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How Dark Money Shrouds Funding Of American Politics

image by Kevin Dooley via Flickr 

Over the past decade, political campaign funding has become increasingly opaque, clouded by unattributed donations which experts have dubbed “dark money.”

What is dark money?

By popular definition, dark money is:

“A term used to describe political spending by innocuously named groups whose own donors – the source of the money – are allowed to remain hidden.”

While dark money cannot be directly donated to candidates, it can be used to fund advertising campaigns in support or against any given candidate, as well as for lobbying.

How, in a political system where federal law mandates that campaign funds be reported, can dark money exist?

Dark money, though the specifics of its origins are hidden, are funneled through a particular breed of non profit called a 501 [c]4, or social welfare group, who act as intermediaries between donations and campaigns.

These groups, then use that money to fund advertising and other campaign funds without having to disclose what the money’s origins actually are. Because of such anonymity, 501 [c] 4’s can (and do) legally spend hundreds of millions on election campaigns as well as Super PAC donations.

In a response to the proliferation of dark money, some state legislatures have even deemed such donations as major legal loopholes, and have enacted legislation which prohibits its its role in state elections–though such legislation has no effect on the broader federal level.

The term dark money has only existed since 2010, when the passage of Citizens United opened the playing field for big donors and Super PACs. Since then, however, it has played a significant role in both state and national political campaigns.

According to political watchdogs Open Secrets, during 2012 (a presidential election year), over $308 million in political donations went undisclosed.

This total is on top of another $200 million in dark money that flooded campaigns for the midterm elections in 2014.

While dark money accounted for just 5 percent of the total money spent ($4 billion) on 2014 midterms, The Sunlight Foundation warns that a disproportionate amount of it goes to politically advantageous swing states.

How dark money can affect political campaigns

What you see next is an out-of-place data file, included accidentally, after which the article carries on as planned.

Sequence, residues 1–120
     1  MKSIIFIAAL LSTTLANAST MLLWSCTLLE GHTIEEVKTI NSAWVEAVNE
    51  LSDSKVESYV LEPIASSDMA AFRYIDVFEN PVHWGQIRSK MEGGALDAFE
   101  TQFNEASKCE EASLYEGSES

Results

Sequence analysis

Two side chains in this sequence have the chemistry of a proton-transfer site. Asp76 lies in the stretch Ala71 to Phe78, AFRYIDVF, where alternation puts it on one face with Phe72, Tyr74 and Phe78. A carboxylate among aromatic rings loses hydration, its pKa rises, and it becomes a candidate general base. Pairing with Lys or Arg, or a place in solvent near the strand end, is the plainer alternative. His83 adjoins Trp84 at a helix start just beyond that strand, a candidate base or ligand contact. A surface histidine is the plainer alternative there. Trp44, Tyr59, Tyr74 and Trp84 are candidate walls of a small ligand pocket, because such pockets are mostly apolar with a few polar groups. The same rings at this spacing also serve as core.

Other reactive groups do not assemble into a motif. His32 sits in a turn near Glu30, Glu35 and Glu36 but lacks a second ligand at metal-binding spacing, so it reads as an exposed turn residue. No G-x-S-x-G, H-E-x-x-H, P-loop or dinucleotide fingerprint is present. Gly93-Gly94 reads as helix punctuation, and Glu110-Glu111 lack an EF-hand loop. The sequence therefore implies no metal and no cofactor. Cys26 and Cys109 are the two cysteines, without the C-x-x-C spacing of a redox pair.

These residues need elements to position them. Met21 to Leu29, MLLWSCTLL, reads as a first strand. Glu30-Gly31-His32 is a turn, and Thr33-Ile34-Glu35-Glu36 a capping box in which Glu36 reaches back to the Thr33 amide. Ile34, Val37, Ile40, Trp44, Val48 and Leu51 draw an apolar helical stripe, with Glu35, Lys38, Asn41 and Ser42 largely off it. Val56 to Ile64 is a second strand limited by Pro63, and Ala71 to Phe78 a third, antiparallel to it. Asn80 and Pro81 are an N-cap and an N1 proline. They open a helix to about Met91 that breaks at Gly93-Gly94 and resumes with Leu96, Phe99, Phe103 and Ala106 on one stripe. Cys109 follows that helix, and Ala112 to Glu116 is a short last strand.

When it comes to dark money in politics, there are several concerns about its potential effects on future elections. Some of these concerns are:

Unattributed attack ads may wield more power

Through gauging the credibility of ads which disclosed funding and those who did not, a study published by American Politics Research found that ads which did not disclose their funding were found to be more credible amongst respondents.

This, researchers believe, may indicate that disclosure (which dark money lacks) plays a key role in how much ads can affect a viewer’s opinion.

Dark money gives special interest groups undue influence in politics

Stemming from the lack of transparency, some critics worry that dark money may compromise politicians integrity by placing elected officials in a scenario where they can be easily influenced by money.

For instance, a politician who receives a large donation from a coal manufacturer may give special preference to such a corporation in the form of legislative favors.

Dark money’s inherent lack of transparency makes it difficult to judge a candidate’s integrity

If a presidential candidate, whose platform included anti-fracking legislation, was being funded by shale oil companies, would you still vote for them?

Scenarios like this are also a major concern with dark money. When it’s impossible to tell where money is coming from, it may be difficult to make an informed voting decision.

The takeaway

Dark money has expanded significantly in recent years.

While the IRS has issued a draft of rules that intend to restrict  social welfare organizations’ spending on political campaigns, and therefore the dark money they can funnel into politics, ProPublica reports that the legislation likely won’t be ready before 2016 presidential elections.

For another presidential election, it’s likely that the money, as well as voters nationwide, will continue to be kept in the dark.

We measure success by the understanding we deliver. If you could express it as a percentage, how much fresh understanding did we provide?
James Pero